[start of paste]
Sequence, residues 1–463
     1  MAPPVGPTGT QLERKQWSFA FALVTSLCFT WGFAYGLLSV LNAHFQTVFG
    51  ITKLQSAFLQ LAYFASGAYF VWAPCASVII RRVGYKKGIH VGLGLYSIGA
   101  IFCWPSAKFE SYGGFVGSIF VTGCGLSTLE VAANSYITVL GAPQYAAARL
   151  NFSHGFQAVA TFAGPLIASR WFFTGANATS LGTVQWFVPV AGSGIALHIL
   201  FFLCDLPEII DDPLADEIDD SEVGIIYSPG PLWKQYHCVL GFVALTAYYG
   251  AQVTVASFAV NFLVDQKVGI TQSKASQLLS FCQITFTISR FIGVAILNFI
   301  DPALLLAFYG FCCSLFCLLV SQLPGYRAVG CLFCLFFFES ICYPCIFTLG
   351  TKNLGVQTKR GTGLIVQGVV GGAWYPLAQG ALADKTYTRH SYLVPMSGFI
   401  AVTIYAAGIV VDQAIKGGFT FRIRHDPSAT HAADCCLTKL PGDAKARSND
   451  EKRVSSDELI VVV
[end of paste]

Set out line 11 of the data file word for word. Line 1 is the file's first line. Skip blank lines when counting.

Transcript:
   451  EKRVSSDELI VVV